Hayley Katzen: Come Make Hay
Hi. I’m Maeve Marsden and welcome to Queerstories – the podcast for the LGBTQI+ storytelling night I host and programme. Queerstories events happen regularly in Sydney, Brisbane and Melbourne, and I’m also now hosting them in regional towns. If you enjoy these stories, please rate, review and subscribe to the podcast, and consider buying a copy of the Queerstories book: A collection of 26 of the stories edited by me and published by Hachette. I’m really proud of this collection and I hope you enjoy it too.
Hayley is a writer who lives on a small cattle farm west of Lismore. Her play, Pressure Point, was performed at the Byron Community Theatre, and her short stories and essays have won awards and been published in Australian and American journals, and anthologies. The first publication she worked on was The Bride Wore Pink, a community discussion paper on the legal recognition of same-sex relationships produced by the Gay and Lesbian Rights Lobby in 1992. Hayley performed this story, an excerpt from the memoir she’s currently working on, in Lismore.
“A woman who can put petrol in her car to drive to the farm, who has a job with a regular wage, is a non-smoker, and has a swimming pool.”That was Jen’s list of what she wanted in a girlfriend.
Or so she told me as we lay naked in her white sheets, the morning after we became lovers.
After Jen’s relationship with the carpenter had ended, she had taken to dropping in for a swim, not to deliver eggs or firewood or hay, as she’d done during the last couple of years of our friendship.
One December day, home from my job at the uni’s law school, the swimming pool water, airy and cool against my skin, as I watched Jen tumble-turn underwater, I was surprised by a race of desire. Jen seemed sexually attractive, urgently so.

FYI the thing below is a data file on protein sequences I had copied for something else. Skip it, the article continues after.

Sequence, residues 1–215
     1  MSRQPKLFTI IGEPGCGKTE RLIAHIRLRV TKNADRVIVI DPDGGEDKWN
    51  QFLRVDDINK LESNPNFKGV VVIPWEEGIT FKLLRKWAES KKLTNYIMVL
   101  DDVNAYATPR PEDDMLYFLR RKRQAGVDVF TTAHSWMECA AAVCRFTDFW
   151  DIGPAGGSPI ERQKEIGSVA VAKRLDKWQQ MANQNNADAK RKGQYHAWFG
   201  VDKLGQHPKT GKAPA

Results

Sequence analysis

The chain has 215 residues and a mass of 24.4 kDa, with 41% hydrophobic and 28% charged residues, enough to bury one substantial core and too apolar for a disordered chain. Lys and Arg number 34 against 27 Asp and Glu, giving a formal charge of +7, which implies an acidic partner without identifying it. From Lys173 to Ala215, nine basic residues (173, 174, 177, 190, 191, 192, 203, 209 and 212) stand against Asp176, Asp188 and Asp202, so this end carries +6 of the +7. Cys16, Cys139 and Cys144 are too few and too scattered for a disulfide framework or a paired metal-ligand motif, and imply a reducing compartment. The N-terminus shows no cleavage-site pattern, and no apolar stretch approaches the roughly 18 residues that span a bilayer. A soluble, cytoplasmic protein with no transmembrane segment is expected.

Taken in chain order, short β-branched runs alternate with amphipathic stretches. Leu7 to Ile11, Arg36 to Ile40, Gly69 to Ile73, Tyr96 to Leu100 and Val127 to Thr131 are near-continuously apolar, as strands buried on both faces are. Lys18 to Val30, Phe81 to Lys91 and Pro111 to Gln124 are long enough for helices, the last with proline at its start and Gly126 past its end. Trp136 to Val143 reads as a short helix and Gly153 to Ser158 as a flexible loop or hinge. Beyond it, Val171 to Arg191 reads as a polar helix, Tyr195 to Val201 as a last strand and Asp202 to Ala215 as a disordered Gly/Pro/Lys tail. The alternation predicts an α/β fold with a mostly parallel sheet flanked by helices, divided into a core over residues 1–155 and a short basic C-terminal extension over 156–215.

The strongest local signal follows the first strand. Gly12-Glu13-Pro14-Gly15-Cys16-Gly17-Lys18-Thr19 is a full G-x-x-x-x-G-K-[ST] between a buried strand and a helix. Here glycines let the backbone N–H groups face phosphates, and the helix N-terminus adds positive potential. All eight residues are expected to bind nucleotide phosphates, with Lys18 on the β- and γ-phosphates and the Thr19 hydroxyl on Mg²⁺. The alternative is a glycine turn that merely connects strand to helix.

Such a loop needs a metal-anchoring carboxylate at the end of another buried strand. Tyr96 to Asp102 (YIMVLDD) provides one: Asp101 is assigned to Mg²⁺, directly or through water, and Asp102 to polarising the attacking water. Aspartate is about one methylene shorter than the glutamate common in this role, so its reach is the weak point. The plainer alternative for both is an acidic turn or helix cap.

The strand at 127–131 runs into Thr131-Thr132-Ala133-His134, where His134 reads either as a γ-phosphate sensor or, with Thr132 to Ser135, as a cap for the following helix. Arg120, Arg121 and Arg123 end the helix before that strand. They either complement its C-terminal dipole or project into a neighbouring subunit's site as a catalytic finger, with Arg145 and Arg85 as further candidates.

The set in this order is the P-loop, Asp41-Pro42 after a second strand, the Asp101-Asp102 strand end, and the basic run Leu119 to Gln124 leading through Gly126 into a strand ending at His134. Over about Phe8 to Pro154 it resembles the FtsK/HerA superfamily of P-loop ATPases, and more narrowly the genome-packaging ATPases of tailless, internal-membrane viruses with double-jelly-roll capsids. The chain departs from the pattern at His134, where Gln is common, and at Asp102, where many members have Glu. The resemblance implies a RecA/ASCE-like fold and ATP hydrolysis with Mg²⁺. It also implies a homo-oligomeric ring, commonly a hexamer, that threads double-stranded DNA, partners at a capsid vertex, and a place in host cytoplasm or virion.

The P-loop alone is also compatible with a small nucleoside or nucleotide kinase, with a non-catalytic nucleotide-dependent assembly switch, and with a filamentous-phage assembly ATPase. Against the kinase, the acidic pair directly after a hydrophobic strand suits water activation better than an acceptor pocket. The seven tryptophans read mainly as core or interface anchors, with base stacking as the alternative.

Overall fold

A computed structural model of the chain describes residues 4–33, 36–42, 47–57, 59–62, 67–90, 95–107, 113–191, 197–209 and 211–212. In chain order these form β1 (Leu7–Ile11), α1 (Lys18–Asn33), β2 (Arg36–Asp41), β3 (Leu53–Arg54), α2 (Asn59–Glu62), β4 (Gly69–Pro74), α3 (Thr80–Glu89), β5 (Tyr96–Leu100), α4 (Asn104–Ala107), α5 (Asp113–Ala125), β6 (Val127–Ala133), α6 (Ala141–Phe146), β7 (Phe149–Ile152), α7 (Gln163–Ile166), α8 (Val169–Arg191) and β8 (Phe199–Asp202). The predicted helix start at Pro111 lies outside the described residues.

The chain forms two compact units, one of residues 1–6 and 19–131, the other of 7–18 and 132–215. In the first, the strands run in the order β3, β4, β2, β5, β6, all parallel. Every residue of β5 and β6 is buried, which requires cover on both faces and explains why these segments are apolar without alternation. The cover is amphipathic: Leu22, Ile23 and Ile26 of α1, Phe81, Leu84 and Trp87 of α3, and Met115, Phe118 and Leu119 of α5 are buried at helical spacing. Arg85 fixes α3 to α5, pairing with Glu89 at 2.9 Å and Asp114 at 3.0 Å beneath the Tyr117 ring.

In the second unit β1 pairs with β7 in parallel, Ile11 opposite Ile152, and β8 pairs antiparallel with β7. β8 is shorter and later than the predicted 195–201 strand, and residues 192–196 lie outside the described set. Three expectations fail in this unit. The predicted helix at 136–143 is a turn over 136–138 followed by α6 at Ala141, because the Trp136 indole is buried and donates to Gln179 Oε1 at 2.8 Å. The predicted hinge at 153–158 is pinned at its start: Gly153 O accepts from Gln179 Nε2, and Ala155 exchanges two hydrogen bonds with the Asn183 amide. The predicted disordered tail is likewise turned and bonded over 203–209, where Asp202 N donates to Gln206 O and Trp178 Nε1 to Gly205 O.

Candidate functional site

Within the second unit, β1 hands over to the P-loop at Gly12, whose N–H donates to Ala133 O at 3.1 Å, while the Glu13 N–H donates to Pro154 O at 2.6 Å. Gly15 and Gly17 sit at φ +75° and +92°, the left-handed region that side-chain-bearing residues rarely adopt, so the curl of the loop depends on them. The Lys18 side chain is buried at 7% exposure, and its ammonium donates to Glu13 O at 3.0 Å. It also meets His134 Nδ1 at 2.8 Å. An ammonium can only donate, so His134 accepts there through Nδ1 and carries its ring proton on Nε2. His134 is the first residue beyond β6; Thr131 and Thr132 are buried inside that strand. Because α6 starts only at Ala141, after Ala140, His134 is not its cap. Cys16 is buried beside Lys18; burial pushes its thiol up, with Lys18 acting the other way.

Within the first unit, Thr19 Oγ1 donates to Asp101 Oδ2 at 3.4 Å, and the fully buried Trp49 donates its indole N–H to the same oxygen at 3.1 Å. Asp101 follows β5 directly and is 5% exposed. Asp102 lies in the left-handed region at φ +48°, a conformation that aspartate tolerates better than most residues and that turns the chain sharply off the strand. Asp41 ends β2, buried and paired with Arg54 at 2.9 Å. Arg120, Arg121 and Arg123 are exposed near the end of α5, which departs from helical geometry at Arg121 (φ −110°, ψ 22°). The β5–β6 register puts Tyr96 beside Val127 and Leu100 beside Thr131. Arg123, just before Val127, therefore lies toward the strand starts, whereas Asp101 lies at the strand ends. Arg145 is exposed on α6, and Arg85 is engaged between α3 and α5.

Was it her laughter and lightness? Her body? Those muscled arms and back, her horserider’s thighs, the slender hips with the tattoo on the hip-bone? Or was it that it’d been exactly two years, two months and three days since my last lover?
And now Jen, with that playful glint in her eyes, was clearly available.
With our elbows on the pool edge, we chatted about love and, as lesbians do, we told each other our coming out stories. I urged her on with questions, wanting our conversation to last, no evapourate like the squiggles she drew with water on the hot pavers. I so wished I’d spent more time studying the art of seduction rather than the options for legal recognition of lesbian and gay relationships.
When Jen dropped in early one morning a few weeks later, after I’d fried eggs and made toast, she asked, “Is there something we need to talk about or should we just leave things the way they are?”
“Well,” I said, resorting to the only type of seduction I knew, “what I’d really like to do is race you off to bed right now.”
She laughed and said, “Well, that’s not going to happen. I’ve got to get back to the farm and it’s not long since my break-up. Anyway, neither of us are after a one-night stand.” She was right. As much as I longed to be the kind of girl who’d had more lovers than notches on my belt, my heart was sensitive and I wanted more than sex.
“How about dinner?” I asked. “It’s too far to town from the farm,” she said. “I’ll call you.”
When I leaned forward to kiss her, she presented a cheek, hopped into the truck and said, “All good things come to those who wait.”
I groaned, and not just because I hate clichés. We courted by letter and phone. The publisher’s deadline for the law textbook I’d been contracted to write was looming but the case law on the right to a fair hearing no longer seemed compelling.
I pruned every hibiscus and bougainvillea in the garden, oblivious to the scratches the thorns left behind. I thought only of Jen – well, of sex with Jen. Eventually, the invitation came – a fortnight later during a phone call. “Do you want to come make hay?” she asked. “Sure,” I said, interpreting the invitation metaphorically.
“I’m serious,” she said. “I’m baling the Mill paddock.”
On that first hot summer’s night, as cicadas sirened in the gumtree, Jen announced that everything on the plate was home-grown: The new potatoes, the lettuce, and tomatoes, and herbs – and the rump steak.
All I could think was, “Who’s going to make the first move?” Instead, I said, “So, did this cow have a name?”
“Easter,” she said, smiling, “or Christmas, or Dinner.”